Cicadas Are Emerging Across the Country in Large Numbers, Here’s Why You May Not Have Heard Any Yet

By: Alex Trent | Published: Jun 06, 2024

Across the country, billions, maybe even trillions of cicadas are emerging from the ground in accordance with their natural life cycle and rhythms.

However, people in some areas who ordinarily experience cicadas may find that the outdoor scene is mysteriously silent. The reason for this has to do with the development of the country in recent years, people destroying previous cicada homes, and the spreading out of cicada populations.

Periodical Cicadas

2024 is a special year for Cicadas because of a special double-emergence event from two broods of periodical cicadas that will overlap geographically.

A cicada walking around on the ground.

Source: Dankeck/Wikimedia

In contrast to annual cicadas, which pop out every year, periodical cicadas are on fixed intervals. The current periodical cicada broods are 13-year and 17-year cicadas, which have synced up for the first time in over 200 years.


Super Emergence

The emergence of this double brood event which could see trillions of cicadas swarm across America and might be seen in as many as 17 states.

A close-up of a cicada's face

Source: USGS Bee Inventory and Monitoring Lab/Wikimedia

“Billions, even trillions, of cicadas are going to emerge at the same time across 17 states,” said Chris Simon, a professor in UConn’s Department of Ecology and Evolutionary Biology.

Long Time Coming

Since it has been such a long time since periodical broods have emerged, people may not realize just how much planning and city development can happen in that time.

A swarm of cicadas crawling on the ground.

Source: James St. John/Wikimedia

“If you’re making a subdivision and you cut down all the trees in a two square mile area, cicadas don’t disperse very far,” said Jim Louderman, a collection’s assistant at Chicago’s Field Museum of Natural History. “When you cut down the tree that the cicada is living on as a nymph underground, they die.”

Rebuilding Populations

If a population of cicadas in an area are killed by cutting down their home it can take decades for dispersed cicadas to effectively rebuild this loss in population.

A cicada sitting on a person's hand.

Source: peterwchen/Wikimedia

“If an area is two square miles, and they disperse two blocks at a time, to get to the middle would be eight emergences of 17 years,” Louderman said.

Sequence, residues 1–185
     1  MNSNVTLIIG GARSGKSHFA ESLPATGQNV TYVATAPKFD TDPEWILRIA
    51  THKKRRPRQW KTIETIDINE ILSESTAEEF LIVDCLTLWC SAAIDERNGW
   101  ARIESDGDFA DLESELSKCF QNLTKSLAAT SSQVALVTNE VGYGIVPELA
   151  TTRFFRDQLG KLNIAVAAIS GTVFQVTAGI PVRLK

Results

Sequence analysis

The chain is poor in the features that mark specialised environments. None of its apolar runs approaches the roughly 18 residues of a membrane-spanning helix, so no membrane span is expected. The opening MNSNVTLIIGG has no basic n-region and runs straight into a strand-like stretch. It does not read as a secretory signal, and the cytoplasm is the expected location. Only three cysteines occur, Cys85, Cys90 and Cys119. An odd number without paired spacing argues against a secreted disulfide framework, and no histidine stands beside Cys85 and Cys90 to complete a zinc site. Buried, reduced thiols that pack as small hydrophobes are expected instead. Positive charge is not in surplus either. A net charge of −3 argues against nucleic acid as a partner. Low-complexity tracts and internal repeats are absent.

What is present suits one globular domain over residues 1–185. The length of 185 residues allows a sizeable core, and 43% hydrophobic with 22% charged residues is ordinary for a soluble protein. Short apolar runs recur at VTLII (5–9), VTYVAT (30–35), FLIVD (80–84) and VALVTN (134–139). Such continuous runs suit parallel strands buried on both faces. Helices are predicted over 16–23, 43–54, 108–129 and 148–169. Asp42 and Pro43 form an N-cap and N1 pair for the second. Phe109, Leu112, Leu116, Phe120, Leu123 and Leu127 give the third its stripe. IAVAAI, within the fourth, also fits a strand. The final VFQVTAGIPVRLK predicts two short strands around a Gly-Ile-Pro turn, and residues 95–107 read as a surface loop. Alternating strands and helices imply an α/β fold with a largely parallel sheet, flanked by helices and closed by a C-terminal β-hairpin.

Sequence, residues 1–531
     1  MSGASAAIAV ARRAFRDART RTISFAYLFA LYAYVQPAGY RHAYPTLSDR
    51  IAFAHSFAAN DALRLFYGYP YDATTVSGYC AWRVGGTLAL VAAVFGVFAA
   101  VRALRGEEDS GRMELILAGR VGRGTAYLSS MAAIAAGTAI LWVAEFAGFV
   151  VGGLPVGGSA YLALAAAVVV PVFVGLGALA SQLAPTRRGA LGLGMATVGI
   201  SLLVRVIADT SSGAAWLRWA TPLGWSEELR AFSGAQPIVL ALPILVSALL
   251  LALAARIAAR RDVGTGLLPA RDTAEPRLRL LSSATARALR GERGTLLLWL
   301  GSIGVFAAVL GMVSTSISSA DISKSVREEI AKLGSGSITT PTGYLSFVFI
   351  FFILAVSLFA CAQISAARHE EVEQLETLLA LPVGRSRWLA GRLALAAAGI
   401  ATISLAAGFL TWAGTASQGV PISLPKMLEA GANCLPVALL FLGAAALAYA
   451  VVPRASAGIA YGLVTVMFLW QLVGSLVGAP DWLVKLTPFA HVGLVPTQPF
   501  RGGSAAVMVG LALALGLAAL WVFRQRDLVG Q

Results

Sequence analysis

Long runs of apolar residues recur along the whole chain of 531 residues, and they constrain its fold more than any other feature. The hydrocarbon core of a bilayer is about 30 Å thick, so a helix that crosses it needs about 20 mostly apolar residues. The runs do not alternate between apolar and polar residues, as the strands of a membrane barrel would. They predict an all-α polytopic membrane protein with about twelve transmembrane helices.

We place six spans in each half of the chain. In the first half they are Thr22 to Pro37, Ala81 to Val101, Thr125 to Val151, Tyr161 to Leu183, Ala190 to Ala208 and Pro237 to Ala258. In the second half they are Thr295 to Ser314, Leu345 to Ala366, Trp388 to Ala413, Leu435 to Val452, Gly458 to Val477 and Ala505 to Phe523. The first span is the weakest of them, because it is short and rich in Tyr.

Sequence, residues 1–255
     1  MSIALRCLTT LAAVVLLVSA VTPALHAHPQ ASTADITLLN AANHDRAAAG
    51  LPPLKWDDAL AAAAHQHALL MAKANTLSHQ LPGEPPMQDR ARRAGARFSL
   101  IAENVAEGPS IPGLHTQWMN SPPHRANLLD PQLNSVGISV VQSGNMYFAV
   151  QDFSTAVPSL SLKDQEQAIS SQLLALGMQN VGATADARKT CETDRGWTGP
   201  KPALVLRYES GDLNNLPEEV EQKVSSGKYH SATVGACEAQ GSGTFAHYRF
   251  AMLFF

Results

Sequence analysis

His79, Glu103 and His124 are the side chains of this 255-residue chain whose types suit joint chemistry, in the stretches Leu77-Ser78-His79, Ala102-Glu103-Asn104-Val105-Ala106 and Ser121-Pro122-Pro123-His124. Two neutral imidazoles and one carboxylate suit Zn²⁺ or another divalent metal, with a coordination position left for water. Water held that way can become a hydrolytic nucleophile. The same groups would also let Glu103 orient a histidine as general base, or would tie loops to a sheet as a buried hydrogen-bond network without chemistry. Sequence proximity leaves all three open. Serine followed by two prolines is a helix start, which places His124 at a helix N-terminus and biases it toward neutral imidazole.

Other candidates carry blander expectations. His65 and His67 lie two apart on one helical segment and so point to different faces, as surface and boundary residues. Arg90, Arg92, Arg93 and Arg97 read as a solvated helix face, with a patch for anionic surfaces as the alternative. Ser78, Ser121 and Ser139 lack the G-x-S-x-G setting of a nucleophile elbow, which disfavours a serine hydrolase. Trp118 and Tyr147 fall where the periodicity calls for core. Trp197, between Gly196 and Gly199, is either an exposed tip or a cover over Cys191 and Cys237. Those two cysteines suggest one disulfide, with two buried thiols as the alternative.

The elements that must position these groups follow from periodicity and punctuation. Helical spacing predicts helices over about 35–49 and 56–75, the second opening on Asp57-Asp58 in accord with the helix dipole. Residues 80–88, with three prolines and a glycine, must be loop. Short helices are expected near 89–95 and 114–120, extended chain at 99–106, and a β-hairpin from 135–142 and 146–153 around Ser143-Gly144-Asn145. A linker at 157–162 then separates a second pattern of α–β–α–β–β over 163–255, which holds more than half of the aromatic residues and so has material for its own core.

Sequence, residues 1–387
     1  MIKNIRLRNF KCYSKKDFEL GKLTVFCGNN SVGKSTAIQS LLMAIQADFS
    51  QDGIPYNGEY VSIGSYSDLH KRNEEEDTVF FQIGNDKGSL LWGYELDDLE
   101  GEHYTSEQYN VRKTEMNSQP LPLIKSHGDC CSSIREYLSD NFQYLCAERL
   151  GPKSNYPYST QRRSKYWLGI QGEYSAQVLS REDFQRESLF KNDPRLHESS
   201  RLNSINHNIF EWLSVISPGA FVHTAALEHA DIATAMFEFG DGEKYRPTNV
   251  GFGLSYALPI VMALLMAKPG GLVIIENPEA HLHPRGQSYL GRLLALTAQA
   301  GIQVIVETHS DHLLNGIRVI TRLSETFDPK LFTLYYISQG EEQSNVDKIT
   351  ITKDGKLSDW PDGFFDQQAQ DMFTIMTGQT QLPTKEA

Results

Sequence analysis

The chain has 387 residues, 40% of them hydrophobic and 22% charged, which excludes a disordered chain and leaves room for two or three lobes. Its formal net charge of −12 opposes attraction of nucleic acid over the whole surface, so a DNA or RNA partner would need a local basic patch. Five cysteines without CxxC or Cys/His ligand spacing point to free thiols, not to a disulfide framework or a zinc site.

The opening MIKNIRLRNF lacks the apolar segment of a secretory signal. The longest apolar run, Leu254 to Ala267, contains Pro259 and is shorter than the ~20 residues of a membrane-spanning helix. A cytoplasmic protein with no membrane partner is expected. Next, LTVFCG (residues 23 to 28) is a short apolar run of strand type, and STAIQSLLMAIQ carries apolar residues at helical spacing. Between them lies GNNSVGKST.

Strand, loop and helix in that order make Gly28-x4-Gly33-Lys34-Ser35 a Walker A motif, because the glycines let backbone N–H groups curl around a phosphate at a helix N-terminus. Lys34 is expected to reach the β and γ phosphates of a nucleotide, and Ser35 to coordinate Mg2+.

Reproduction Strategy

It may seem strange, given a cicada’s short life span, they they spend so long underground before coming up to the surface in droves for only a short time.

A cicada insect sits on a branch in a tree.

Source: Resqgal/Wikimedia

However, this strategy has allowed them to persist, since the massive influx of cicadas means that predators have a harder time exterminating or consuming them all.


Short Time To Survive

When periodical cicadas emerge they come out within weeks of each other, typically during a fixed time that doesn’t vary much. In that short time, which is around ten days, male cicadas must find a mate so that eggs can be laid in the soil.

A cicada larva that is molting out of its skin.

Source: Kyu3/Wikimedia

As larvae, periodicals must survive for years in the soil and can be threatened by lawn chemicals, deforestation, and pesticides, making them extremely vulnerable during this time.


Rare Blue-Eyed Cicadas

Even more rare than the double brood event is the possibility of seeing cicadas with blue eyes. Typically cicadas have red eyes, but around one-in-a-million cicadas also have a rare genetic mutation that makes their eyes blue.

A cicada with a rare condition that causes blue eyes.

Source: Jollyroger999/Wikimedia

“I have also seen two emergences of Brood X in Indiana and two emergences of Brood XIX in Central Illinois,” said Louderman. “These rare [blue-eyed] insect emergences are always infertile and can not have offspring, which is why they remain so rare.”


Buzzing Sound

The typical buzzing sound heard by cicadas is the noise created by males hoping to attract a female to propagate the species.

A Cicada with extensive fungus on its abdomen.

Source: Edward Johnson/wikimedia

This sound is made by male cicadas which contract their tymbal muscles, bending them and causing a clicking sound when it springs back into place.


Why is This a Rare Event?

People may have differing opinions on how fortunate or unfortunate they might feel missing out on the double brood event and buzzing, but it is undoubtedly a rare event.

Two cicada insects hanging out on a tree.

Source: Bill Nino/Unsplash

“The co-emergence of any two broods of different cycles is rare, because the cycles are both prime numbers,” said John Cooley, founder of the Periodical Cicada Project and a professor in UConn’s Department of Ecology and Evolutionary Biology. “Any given 13- and 17-year broods will only co-emerge once every 13 x 17 = 221 years.”


Overlapping Likelihood

Another reason besides local human development why someone might miss out on seeing or hearing cicadas is because the current overlapping broods are very spread out.

A cicada hanging around on a flower with white petals.

Source: Wren meinberg/Unsplash

“The broods won’t overlap significantly due to the latitudinal spread involved,” said Cooley. “But there will be a lot of cicadas … just as there are a lot of ants, flies. Insects come in large numbers.”


Previous Event

While double brood emergences have happened in more recent times, getting to them overlap significantly in the same areas is much rarer.

A cicada creature hands out on a wood surface.

Source: Sagar Vasnani/Unsplash

“2015 was the last time a 13-year brood emerged with a 17-year brood, when Brood XXIII emerged with Brood IV. However, the two broods weren’t geographically close,” Simon said. “Similarly, adjacent Brood IV and Brood XIX both appeared in 1998 but, again, weren’t close.”